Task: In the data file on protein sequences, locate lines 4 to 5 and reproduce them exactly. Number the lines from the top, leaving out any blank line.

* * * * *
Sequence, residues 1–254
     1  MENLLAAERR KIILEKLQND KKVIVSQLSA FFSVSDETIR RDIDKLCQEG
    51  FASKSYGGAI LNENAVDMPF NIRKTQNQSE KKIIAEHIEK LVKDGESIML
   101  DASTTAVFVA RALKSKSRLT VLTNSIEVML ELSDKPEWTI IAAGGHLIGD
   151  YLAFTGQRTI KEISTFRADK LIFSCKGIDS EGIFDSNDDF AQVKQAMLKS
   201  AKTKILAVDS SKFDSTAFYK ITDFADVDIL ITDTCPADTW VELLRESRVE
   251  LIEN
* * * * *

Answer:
   101  DASTTAVFVA RALKSKSRLT VLTNSIEVML ELSDKPEWTI IAAGGHLIGD
   151  YLAFTGQRTI KEISTFRADK LIFSCKGIDS EGIFDSNDDF AQVKQAMLKS